This picture taken on July 13, 2021 shows a Buddhist monk walking past people waiting to fill empty oxygen canisters up outside a factory in Mandalay, amid a surge in Covid-19 coronavirus cases. - The spike in coronavirus cases is the latest blow to Myanmar, already reeling from a February coup and a bloody crackdown on dissent that has killed over 900 and gutted the economy. (Photo by STR / AFP) / TO GO WITH Myanmar-health-virus-oxygen, FOCUS

On Wednesday, the United Nations warned of a health and humanitarian catastrophe in Myanmar (Burma), in light of the military coup, calling on the international community to act urgently.

And UN considered that “the increasing rise in cases infected with the emerging coronavirus, in Myanmar, in light of a collapsing health system, and the lack of confidence in the military council, are factors that could lead to more massive loss of lives in the country,” and that the situation constituted the “perfect storm,” according to the United Nations’s independent expert on the situation of human hights in the country, Thomas Andrews.

“There is an urgent need in Myanmar to save lives,” Andrews said in a statement that the country’s population is denied access to health care, and “the international community must act.”


The special rapporteur on the situation of human rights in Myanmar reiterated his appeal last week for the establishment of an emergency coalition for the people of Myanmar to provide emergency humanitarian assistance to the country, amid reports of a severe shortage of vital medical supplies and oxygen.

Last week, the Special Rapporteur stated that the capacity for vaccination and testing across Myanmar is very limited, explaining that among those tested, an alarming percentage (26 percent) reported that they had contracted the virus.

Andrews warned that the country is at grave risk of becoming a super-spreader of the coronavirus pandemic, affecting untold numbers of people inside and outside the country.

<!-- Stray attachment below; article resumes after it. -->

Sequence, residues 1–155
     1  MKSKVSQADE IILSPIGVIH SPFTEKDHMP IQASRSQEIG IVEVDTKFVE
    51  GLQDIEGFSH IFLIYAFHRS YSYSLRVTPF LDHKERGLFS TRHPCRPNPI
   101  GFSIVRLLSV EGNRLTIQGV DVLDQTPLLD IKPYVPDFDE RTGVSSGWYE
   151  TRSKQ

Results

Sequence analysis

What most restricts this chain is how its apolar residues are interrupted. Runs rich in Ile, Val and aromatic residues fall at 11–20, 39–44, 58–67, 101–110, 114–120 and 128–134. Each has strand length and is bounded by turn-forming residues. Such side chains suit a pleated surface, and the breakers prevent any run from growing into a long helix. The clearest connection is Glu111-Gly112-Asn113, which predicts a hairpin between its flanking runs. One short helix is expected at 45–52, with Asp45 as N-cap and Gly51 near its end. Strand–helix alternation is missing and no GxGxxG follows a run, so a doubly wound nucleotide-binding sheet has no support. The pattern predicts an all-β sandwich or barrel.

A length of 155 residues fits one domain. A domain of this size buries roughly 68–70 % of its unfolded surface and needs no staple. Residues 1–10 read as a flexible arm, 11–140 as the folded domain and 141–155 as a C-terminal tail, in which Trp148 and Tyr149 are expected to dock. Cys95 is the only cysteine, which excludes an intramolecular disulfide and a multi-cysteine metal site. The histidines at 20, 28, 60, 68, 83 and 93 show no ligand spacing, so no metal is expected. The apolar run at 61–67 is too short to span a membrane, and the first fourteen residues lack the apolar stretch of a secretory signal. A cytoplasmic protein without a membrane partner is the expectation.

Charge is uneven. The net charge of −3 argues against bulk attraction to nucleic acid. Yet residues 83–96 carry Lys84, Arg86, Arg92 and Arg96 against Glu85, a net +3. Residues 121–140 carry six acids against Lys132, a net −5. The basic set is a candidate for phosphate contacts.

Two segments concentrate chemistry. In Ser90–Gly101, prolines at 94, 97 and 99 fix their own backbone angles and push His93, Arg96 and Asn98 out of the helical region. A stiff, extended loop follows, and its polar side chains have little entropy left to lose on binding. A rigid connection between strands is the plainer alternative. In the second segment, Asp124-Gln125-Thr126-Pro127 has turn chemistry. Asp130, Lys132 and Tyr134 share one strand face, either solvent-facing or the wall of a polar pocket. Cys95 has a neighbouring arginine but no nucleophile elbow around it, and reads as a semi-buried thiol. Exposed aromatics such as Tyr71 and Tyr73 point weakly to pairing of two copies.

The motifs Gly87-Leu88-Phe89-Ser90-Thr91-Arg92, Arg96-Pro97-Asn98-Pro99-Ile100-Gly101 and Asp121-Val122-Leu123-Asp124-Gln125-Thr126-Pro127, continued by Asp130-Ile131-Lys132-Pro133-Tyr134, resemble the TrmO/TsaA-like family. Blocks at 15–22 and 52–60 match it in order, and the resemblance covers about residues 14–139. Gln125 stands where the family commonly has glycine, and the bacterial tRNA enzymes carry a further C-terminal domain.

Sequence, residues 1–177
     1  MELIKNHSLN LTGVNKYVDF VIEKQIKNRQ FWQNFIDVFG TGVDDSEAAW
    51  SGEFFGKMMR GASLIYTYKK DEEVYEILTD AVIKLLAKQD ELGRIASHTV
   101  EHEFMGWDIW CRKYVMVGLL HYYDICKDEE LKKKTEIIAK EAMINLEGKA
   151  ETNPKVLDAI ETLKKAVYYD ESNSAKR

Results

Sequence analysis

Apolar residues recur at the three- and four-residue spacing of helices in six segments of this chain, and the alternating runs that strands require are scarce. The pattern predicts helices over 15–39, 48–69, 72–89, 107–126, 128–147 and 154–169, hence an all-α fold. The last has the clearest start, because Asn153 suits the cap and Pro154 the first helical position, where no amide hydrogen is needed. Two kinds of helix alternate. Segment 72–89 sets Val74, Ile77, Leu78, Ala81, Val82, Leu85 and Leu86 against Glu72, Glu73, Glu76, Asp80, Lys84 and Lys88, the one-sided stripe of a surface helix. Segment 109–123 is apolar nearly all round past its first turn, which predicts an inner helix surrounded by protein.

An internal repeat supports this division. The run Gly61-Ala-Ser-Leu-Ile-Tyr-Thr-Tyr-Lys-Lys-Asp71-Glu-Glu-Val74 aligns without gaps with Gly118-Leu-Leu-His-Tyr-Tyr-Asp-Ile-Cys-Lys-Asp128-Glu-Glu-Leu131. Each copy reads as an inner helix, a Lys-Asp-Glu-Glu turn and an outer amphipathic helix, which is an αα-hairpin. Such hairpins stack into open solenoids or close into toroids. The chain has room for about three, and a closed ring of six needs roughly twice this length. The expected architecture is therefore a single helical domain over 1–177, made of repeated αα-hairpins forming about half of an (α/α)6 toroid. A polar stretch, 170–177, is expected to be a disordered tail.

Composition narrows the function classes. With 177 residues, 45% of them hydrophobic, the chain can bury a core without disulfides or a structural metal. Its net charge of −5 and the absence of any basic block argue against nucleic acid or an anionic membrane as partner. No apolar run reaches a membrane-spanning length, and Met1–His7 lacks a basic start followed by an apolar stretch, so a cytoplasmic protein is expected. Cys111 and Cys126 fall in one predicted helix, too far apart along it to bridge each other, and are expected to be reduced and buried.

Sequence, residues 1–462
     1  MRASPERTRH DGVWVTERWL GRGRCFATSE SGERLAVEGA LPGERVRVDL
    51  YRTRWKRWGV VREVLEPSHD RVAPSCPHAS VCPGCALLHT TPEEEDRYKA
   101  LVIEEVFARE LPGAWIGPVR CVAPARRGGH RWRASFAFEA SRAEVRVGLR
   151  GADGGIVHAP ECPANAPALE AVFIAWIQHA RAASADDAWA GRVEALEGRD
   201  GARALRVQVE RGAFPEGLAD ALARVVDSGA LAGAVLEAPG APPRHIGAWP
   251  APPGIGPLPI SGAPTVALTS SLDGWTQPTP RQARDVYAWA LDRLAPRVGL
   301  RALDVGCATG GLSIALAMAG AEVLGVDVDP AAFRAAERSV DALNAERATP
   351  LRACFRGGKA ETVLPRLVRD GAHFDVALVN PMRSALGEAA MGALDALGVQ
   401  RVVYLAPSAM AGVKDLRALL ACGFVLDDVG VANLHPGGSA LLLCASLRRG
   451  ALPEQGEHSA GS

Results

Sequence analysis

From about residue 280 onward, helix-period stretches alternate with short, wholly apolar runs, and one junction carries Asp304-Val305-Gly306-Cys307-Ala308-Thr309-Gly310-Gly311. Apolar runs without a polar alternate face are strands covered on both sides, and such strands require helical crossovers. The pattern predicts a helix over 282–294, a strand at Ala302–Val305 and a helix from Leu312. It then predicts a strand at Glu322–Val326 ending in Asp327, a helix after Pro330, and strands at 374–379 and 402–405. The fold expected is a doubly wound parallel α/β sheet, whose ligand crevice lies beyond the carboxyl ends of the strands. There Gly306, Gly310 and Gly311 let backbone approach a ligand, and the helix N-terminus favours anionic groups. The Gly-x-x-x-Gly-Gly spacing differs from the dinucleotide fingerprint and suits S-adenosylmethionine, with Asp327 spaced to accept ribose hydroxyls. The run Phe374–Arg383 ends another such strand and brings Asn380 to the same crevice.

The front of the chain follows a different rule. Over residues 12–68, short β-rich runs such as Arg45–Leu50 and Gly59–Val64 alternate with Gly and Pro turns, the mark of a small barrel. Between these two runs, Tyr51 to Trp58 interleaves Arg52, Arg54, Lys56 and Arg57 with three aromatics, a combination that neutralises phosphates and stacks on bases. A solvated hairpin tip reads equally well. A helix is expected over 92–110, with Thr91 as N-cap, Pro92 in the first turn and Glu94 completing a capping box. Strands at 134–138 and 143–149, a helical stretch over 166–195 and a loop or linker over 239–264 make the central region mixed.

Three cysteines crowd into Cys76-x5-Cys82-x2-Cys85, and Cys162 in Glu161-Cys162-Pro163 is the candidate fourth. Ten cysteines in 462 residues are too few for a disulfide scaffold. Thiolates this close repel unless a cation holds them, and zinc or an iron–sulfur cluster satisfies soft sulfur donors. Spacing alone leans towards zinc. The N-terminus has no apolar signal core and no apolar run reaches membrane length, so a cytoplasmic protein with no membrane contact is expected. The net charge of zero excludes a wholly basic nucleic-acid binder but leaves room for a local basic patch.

In its statement, the United Nations stressed that the military council “lacks the resources, capabilities and legitimacy” to control the crisis.

“The crisis in Myanmar is particularly deadly due to the prevailing distrust of the junta,” Andrews said, calling on the international community to help “form a politically neutral body to coordinate the virus response that includes a vaccination program that the people of Myanmar can trust.”

He stressed that “Member states, international organizations, regional bodies, and NGOs that are willing and able to provide much-needed assistance, must do so before countless numbers perish and Myanmar becomes a super-spreader of this deadly virus.”

The Special Rapporteur also deplored the situation of the most vulnerable communities in Myanmar, including prisoners held in overcrowded facilities.

“Myanmar prison inmates, including thousands of political prisoners who have been arbitrarily detained since the coup in Myanmar, are at grave risk, some of whom see their detention as a death sentence,” Andrews said.

Nearly 6,000 people have been arbitrarily detained in Myanmar since the military overthrew the elected government and seized power on February 1, in addition to that, nearly 900 people, including children, have been killed, and countless wounded, according to the UN.


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